Probiotics Reduce Duration of the Common Cold in the Elderly

Study finds a decrease in primarily upper respiratory infections among the Elderly

By Steve Austin, ND

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Reference

Guillemard E, Tondu F, Lacoin F, Schrezenmeir J. Consumption of a fermented dairy product containing the probiotic Lactobacillus casei DN-114001 reduces the duration of respiratory infections in the elderly in a randomised controlled trial. Br J Nutr. 2010;103:58-68.
 

Design

Randomized, double-blind intervention trial
 

Participants

1,072 volunteers ≥70 years of age (median age 76)
 

Study Medication and Dosage

Subjects were given 200 g per day of a fermented dairy product containing L. casei (strain DN-114001) or an unfermented control dairy product and followed during the 3-month intervention period and for 1 additional month. Both liquids were administered in 100 g containers to be consumed twice per day. The daily total intake of colony-forming units (CFU) was 20 billion L. casei plus 2 billion of the combination of Streptococcus thermophilus and L. delbrueckii ssp. bulgaricus.
 

Main Outcome Measures

Incident colds, infectious sore throats, flu, pneumonia, bronchitis, and other common (mostly respiratory) infectious diseases along with their duration and severity, immune parameters, and reported quality of life.
 

Key Findings

Median duration of all common infectious diseases was 6.5 days in the probiotics group versus 8 days in the control group (P<0.01). Mean cumulative duration of all upper respiratory infections was 3 days shorter in the probiotics group versus the control group (P=0.0003). Despite the decline in the duration of these infections, the number of outbreaks did not differ significantly between the groups, nor did the severity of the outbreaks or other tracked indices.
 

Practice Implications

Ingestion of probiotics is known to boost immune function in elderly adults. In another recent blinded, randomized trial, a statistically significant reduction in the duration of colds and flu was reported in children.1 Other blinded randomized trials have reported reduced duration, severity, and/or incidence of colds in adults when the subject pool was not limited to the elderly.2,3
 
Such trials have used a wide variety of strains and at different doses, making it impossible for us to yet say which strain or strains is/are most effective, nor predict the optimal dose.
The safety of probiotics collectively suggest that it is time for healthcare practitioners to add probiotics to the therapeutic regimens they use to treat patients with colds or flu.
That said, the relatively consistent positive outcomes, the frequency of upper respiratory infections, and the safety of probiotics collectively suggest that it is time for healthcare practitioners to add probiotics to the therapeutic regimens they use to treat patients with colds or flu.
 
Our current level of ignorance begs the question, how are we then to proceed? There is little reason to think that a “fermented dairy product” would have an advantage over other delivery systems for probiotics. Also, given the apparent success of a wide variety of common strains of probiotics, it may not yet be time to worry much about which common probiotic strain of Lactobacillus or Bifidobacterium we prescribe. Some day this situation is likely to change; we’re just not there yet.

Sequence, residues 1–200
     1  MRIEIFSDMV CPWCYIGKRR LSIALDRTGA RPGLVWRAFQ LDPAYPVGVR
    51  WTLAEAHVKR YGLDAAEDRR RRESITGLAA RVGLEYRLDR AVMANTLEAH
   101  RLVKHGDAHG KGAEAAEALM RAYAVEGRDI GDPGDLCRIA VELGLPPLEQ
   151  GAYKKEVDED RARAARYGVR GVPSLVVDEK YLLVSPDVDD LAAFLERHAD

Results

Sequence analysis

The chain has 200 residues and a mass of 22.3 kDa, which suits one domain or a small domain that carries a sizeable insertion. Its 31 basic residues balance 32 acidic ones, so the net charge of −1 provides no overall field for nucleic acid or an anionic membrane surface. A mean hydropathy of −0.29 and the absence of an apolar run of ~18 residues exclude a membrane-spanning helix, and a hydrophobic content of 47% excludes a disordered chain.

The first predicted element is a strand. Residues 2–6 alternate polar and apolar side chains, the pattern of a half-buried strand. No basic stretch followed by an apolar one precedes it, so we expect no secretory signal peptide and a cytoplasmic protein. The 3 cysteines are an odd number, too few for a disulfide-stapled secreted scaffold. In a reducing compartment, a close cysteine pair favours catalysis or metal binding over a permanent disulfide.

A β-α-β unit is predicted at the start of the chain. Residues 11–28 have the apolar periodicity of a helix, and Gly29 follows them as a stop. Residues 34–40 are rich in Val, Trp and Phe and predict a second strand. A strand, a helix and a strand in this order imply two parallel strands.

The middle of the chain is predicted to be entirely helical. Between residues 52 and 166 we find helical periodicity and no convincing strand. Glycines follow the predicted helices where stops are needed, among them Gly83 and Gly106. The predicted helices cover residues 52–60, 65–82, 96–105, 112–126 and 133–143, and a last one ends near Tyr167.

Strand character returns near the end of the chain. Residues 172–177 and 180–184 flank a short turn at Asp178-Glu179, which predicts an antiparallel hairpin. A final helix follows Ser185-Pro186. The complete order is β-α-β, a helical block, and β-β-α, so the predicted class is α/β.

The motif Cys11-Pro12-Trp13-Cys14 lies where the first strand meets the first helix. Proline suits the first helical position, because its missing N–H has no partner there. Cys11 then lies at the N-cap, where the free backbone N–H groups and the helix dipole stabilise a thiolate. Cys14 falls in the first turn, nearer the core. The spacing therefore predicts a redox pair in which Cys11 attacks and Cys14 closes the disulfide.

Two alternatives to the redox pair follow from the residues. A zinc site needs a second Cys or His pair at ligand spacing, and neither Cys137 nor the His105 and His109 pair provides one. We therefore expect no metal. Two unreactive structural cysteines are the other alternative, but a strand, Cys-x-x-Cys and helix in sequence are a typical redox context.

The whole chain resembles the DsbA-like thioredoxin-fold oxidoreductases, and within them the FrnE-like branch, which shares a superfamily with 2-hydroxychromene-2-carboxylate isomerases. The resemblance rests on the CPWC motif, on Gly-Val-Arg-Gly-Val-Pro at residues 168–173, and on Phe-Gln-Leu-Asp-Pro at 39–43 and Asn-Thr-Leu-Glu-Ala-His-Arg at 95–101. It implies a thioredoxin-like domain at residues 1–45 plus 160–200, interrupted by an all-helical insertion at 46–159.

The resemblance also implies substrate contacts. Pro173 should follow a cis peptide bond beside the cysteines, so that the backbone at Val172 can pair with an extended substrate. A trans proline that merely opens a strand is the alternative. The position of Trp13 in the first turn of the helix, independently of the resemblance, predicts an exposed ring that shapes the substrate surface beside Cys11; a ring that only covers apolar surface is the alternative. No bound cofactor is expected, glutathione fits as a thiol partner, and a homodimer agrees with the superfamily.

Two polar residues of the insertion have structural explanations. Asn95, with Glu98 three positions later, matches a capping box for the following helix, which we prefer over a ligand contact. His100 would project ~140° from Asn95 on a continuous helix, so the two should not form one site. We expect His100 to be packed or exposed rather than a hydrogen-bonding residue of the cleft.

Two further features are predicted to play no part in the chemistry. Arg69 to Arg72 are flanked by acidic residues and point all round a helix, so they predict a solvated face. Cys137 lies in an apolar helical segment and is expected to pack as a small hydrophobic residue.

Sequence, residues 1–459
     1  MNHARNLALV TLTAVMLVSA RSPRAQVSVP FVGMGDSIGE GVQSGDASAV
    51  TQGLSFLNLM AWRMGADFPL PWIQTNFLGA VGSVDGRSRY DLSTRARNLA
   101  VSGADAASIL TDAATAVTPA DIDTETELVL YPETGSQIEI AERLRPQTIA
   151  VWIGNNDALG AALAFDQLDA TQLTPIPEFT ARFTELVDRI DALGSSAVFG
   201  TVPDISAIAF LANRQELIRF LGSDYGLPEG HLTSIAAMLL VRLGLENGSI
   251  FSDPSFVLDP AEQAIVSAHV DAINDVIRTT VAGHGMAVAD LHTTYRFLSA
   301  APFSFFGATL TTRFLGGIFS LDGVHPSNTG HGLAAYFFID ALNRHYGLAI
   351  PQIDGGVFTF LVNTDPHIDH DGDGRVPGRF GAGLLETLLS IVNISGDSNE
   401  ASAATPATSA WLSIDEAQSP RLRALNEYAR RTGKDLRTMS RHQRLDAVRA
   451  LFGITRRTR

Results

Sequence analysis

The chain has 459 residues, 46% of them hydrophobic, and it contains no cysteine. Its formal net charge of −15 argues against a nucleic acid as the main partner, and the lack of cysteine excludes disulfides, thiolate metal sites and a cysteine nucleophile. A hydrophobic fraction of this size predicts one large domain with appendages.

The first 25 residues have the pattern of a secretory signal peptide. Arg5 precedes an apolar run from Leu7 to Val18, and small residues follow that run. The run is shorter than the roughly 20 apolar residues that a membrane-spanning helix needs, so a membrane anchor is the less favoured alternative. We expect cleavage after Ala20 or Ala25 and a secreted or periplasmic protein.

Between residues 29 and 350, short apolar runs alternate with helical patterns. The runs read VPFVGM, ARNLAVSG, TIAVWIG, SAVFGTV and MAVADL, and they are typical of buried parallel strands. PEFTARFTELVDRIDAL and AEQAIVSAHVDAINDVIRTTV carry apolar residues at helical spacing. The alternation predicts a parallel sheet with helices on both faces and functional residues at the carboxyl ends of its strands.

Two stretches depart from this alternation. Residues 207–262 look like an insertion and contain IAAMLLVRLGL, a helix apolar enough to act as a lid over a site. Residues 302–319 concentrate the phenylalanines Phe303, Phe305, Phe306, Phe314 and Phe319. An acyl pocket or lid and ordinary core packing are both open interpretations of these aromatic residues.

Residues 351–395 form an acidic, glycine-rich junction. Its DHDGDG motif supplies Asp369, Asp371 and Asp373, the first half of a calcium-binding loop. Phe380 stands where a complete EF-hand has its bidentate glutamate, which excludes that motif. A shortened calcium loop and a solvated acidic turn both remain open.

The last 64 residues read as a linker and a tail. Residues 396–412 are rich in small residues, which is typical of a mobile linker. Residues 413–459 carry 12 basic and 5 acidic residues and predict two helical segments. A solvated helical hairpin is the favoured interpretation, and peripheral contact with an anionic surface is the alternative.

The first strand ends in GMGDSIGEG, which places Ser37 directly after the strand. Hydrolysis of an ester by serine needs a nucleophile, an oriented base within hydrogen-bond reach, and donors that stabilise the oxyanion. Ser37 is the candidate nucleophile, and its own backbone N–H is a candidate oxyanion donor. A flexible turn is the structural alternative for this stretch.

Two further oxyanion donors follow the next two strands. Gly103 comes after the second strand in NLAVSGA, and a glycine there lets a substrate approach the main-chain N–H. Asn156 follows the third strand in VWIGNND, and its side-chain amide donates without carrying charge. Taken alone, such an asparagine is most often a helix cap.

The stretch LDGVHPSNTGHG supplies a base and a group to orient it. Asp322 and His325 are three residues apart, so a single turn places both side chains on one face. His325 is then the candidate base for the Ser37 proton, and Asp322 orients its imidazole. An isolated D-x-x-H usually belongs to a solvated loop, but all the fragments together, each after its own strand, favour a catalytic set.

Regarding dosage, the tens of billions of CFUs per dose used in the current trial is in line with some other trials that have also produced positive outcomes. Such high doses are believed necessary due to attrition of bacteria in passing through the low pH found in most human stomachs. In summary, most probiotics help cold sufferers at least by shortening the length of colds, a variety of common strains seem to be effective, and effective doses appear to be high—in the tens of billions of CFUs per day.

About the Author

Steve Austin, ND, is a naturopathic physician and co-author of the A-Z Guide to Drug-Herb-Vitamin Interactions; Breast Cancer: What You Should Know (But May Not Be Told) About Prevention, Diagnosis, and Treatment and The Natural Pharmacy, now in its second edition. Dr. Austin was the founding Chief Science Officer for the Healthnotes team of writers. He is also former Professor of Nutrition at National College of Naturopathic Medicine, in Portland, Oregon. Previously, Dr. Austin headed the nutrition departments at Bastyr University in Seattle and Western States Chiropractic College in Portland, and has been on the faculties of four of the five naturopathic colleges in North America. He is a contributor to the Textbook of Natural Medicine, and was nutrition editor of the Quarterly Review of Natural Medicine and the Healthnotes Review of Natural Medicine. Dr. Austin is also an international lecturer on topics related to clinical nutrition.

References

1. Leyer GJ, Li S, Mubasher ME, et al. Probiotic effects on cold and influenza-like symptom incidence and duration in children. Pediatrics. 2009;124(2):e172-179.
2. de Vrese M, Winkler P, Rautenberg P, et al. Effect of Lactobacillus gasseri PA 16/8, Bifidobacterium longum SP 07/3, B. bifidum MF 20/5 on common cold episodes: a double blind, randomized, controlled trial. Clin Nutr. 2005;24:481-491.
3. Pregliasco F, Anselmi G, Fonte L, et al. A new chance of preventing winter diseases by the administration of synbiotic formulations. J Clin Gastroenterol. 2008;42:S224-233.